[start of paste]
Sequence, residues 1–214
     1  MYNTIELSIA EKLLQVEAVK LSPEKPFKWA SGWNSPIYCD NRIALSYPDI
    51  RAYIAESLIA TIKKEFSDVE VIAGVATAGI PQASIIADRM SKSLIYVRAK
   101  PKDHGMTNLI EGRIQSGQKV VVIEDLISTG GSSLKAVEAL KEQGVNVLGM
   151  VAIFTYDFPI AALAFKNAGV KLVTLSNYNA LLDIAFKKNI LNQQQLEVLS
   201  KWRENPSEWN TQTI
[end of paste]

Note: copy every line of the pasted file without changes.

Sequence, residues 1–214
     1  MYNTIELSIA EKLLQVEAVK LSPEKPFKWA SGWNSPIYCD NRIALSYPDI
    51  RAYIAESLIA TIKKEFSDVE VIAGVATAGI PQASIIADRM SKSLIYVRAK
   101  PKDHGMTNLI EGRIQSGQKV VVIEDLISTG GSSLKAVEAL KEQGVNVLGM
   151  VAIFTYDFPI AALAFKNAGV KLVTLSNYNA LLDIAFKKNI LNQQQLEVLS
   201  KWRENPSEWN TQTI